BASSO ADMITS PUERTO LINKS BUT DENIES DOPING
Italian cyclist Ivan Basso has admitted his links with Dr Eufemiano Fuentes - the doctor at the centre of the Spanish 'Operacion Puerto' blood-doping investigation in Madrid, Spain - but has denied doping and using blood transfusions.
Speaking in a press conference in Milan on Tuesday lunchtime, Basso insisted he will make a comeback after his eventual ban, and denied knowing about the involvement of other riders.
“It was only attempted doping. I’ve never taken doping products during my career or used blood transfusions,” Basso claimed.
“I decided to hold a press conference because I wanted to make sure there isn’t any confusion about what is written and reported. Some people described me as a
grass or someone who will help with the investigation but I want to clarify that nobody has ever asked me about other people. I also didn’t know about other riders or athletes involved.”
“I’ll serve my ban and then I’ll make a comeback. I’ll know how to make myself accepted in the peloton. My collegues have supported me and you can win honestly like I’ve always done.”
"I decided it’s right I accept my responsibilities towards my family who have shared my decision. It was a moment of weakness and I know that attempted doping is considered the same as actual doping. I’ll serve my ban and then I’ll come back to the job I’ve always loved.”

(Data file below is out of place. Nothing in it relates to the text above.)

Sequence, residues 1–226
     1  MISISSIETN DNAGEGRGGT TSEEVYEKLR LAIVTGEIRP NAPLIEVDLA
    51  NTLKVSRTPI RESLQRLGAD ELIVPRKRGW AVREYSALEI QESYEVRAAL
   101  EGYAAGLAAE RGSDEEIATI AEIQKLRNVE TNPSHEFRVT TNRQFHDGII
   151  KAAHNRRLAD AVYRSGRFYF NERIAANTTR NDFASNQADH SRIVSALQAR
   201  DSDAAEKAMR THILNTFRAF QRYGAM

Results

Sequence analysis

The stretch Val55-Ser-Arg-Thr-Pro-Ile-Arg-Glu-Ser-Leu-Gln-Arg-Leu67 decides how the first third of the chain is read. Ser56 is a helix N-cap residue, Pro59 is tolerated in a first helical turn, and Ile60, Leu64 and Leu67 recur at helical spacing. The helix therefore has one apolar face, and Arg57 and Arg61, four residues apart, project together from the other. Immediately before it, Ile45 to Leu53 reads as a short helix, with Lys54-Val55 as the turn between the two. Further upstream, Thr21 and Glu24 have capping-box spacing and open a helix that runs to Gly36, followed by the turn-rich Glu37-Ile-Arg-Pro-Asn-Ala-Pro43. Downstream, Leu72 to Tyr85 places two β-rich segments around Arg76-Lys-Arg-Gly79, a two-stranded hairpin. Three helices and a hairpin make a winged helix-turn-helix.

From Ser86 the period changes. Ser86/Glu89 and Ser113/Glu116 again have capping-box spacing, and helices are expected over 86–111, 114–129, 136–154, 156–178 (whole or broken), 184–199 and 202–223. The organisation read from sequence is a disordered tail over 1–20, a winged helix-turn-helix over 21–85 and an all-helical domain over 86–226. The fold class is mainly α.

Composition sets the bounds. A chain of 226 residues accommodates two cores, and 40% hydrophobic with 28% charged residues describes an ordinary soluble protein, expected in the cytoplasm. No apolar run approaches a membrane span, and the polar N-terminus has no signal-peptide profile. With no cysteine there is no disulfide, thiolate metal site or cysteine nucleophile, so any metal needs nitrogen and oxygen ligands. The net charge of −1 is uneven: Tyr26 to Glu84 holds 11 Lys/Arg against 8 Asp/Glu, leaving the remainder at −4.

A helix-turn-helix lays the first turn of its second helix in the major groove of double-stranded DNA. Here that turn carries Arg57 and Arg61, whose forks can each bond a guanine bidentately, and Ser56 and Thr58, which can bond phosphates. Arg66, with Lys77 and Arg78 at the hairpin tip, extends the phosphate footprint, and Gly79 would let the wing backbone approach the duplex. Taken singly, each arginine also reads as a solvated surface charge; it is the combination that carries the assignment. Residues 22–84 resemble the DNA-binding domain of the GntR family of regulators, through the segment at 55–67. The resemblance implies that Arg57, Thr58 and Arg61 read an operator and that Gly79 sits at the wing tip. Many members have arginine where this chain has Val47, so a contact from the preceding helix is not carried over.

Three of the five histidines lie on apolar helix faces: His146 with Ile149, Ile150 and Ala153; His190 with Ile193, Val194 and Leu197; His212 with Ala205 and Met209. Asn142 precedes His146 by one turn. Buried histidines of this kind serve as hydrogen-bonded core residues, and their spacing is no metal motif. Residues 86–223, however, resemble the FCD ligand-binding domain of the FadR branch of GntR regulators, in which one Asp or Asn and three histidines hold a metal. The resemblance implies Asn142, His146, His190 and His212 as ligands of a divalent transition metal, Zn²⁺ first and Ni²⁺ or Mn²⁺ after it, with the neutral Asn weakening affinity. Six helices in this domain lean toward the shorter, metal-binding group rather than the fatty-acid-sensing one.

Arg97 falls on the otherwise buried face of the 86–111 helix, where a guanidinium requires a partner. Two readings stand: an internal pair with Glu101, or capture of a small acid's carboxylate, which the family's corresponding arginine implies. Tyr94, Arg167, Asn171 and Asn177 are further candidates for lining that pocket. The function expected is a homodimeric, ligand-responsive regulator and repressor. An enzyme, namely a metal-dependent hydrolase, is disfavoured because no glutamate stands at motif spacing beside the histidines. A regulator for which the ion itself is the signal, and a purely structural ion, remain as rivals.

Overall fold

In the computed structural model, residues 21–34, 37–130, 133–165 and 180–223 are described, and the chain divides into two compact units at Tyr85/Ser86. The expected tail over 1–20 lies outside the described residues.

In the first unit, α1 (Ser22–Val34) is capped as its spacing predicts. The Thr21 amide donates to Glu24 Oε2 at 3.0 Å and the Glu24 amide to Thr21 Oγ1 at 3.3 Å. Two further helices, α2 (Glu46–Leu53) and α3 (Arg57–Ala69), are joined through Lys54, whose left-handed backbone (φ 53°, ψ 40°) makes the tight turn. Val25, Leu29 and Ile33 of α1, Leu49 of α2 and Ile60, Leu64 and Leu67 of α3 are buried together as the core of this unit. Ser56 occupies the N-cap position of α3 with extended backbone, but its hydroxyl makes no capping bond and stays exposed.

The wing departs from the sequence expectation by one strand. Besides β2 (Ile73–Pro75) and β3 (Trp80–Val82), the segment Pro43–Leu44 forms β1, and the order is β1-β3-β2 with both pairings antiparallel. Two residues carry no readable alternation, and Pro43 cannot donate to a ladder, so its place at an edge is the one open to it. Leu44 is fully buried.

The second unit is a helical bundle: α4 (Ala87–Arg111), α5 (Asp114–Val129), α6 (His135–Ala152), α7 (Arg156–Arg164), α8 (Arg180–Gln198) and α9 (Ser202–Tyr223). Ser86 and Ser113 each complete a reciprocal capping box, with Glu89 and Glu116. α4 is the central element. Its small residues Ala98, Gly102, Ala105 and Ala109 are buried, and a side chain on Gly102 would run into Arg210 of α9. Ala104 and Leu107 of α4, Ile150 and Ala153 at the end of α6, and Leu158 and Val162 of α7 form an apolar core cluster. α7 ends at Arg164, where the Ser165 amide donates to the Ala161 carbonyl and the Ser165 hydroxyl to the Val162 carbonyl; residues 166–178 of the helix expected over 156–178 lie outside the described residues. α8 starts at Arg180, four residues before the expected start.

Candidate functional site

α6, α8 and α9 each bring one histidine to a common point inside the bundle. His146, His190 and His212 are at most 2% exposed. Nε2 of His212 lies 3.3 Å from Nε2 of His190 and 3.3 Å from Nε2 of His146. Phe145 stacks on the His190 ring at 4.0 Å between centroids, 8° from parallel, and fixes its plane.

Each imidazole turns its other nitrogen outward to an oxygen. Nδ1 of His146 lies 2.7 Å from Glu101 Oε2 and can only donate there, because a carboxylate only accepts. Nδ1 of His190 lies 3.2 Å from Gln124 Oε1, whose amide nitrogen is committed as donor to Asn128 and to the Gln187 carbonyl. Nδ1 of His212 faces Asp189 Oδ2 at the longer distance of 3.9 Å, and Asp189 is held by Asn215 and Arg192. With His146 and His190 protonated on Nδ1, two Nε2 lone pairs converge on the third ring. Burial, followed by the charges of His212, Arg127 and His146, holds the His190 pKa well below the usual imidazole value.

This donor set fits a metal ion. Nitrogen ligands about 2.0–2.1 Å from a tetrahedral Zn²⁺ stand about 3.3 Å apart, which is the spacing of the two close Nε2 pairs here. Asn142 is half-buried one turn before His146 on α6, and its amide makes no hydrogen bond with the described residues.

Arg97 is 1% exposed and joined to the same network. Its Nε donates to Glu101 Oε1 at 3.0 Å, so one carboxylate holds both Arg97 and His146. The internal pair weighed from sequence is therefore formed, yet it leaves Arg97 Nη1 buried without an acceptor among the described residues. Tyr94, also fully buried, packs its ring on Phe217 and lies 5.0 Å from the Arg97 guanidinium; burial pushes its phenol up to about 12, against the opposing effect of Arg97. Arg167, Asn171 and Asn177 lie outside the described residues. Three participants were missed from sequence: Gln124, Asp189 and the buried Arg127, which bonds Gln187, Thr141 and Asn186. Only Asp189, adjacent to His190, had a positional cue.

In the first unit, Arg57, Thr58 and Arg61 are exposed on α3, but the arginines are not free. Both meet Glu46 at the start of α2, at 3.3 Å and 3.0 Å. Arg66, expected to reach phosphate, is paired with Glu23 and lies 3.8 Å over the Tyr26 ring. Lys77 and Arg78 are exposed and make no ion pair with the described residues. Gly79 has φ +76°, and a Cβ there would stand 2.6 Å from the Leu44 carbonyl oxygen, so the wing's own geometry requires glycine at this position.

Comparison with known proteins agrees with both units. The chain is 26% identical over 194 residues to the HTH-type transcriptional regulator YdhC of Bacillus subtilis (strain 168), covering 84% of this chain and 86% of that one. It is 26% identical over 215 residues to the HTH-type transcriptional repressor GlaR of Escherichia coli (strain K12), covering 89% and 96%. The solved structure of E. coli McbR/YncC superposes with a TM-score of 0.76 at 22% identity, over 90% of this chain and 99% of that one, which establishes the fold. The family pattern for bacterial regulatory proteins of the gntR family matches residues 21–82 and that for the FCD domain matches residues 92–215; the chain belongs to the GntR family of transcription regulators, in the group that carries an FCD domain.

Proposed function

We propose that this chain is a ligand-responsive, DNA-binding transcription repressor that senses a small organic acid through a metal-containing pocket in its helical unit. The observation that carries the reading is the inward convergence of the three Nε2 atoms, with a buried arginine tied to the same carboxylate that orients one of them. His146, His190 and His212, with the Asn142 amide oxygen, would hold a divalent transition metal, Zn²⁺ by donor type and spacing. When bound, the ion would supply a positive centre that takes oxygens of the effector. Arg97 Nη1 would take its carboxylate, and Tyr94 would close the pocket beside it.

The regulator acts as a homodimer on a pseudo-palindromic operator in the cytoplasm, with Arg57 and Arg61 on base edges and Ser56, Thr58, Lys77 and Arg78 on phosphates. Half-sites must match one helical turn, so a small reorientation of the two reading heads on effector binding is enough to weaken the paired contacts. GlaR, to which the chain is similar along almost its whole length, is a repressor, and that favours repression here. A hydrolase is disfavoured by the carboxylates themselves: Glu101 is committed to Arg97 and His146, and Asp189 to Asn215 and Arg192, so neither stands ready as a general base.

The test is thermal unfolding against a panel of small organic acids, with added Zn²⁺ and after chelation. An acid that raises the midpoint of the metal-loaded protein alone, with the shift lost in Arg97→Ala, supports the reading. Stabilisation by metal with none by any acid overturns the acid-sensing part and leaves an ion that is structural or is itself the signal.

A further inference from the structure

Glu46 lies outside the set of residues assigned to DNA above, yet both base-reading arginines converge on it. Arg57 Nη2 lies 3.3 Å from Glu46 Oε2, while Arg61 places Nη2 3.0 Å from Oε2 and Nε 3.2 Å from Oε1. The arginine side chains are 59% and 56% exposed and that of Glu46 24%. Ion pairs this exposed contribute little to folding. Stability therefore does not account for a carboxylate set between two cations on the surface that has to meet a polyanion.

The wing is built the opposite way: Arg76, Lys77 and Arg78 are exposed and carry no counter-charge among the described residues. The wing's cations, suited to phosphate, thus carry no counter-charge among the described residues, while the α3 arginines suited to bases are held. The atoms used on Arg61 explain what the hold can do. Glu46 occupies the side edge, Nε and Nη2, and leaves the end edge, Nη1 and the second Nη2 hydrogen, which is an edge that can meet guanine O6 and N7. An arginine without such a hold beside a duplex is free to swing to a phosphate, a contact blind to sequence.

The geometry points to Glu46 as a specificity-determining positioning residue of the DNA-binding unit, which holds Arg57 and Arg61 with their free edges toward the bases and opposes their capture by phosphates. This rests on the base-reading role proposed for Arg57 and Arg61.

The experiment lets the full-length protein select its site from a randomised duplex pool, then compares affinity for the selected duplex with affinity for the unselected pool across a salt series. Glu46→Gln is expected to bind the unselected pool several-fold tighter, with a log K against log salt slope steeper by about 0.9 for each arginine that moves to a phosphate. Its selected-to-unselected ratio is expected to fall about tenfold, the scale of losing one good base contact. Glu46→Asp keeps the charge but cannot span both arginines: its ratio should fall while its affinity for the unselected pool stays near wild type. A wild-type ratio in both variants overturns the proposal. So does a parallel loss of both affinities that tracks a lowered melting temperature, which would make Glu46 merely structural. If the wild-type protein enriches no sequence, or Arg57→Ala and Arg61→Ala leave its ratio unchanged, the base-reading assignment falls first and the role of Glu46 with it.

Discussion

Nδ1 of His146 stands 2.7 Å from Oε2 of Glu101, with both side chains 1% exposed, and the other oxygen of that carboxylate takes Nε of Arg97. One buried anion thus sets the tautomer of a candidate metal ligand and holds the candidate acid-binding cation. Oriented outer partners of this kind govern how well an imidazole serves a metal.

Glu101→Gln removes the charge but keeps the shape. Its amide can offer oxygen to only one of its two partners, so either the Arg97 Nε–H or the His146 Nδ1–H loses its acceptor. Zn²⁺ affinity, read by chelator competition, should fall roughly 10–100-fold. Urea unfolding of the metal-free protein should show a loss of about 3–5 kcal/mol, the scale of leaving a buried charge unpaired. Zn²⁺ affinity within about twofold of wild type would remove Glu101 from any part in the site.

Basso won the Giro d'Italia last year by 9.13 minutes, winning three stages, but has been dogged by allegations ever since. When he was pulled out of the 2006 Tour de France on the eve of the race he vehemently denied any wrongdoing, and now his latest claims of 'attempted doping' seem hard to believe.
His former team, CSC, parted company with him at the end of last season, only for Lance Armstrong's Discovery Channel team to sign him several weeks later, a decision that rightly upset every other team in the ProTour.
Basso left the Discovery Channel team last week when the investigation re-opened and now faces a lengthy ban from the sport. According to UCI and ProTour rules he faces at least a two-year ban, and a four-year ban from riding for a ProTour team.
Rumours are circulating that Basso will make a plea for a back-dated, or reduced ban, but the Italian has already raced this year, at the Tour of California and Tirreno-Adriatico, and UCI President Pat McQuaid has moved quickly to say this will not be acceptable.
Although Operacion Puerto was shelved by the Spanish investigators earlier this year, citing a lack of evidence against Fuentes, the German and Italian authorities pursued both Jan Ullrich and Basso, the highest profile riders to be named in the case that has damaged cycling's image over the past 12 months. Five Spanish riders named in the investigation are still riding for ProTour teams.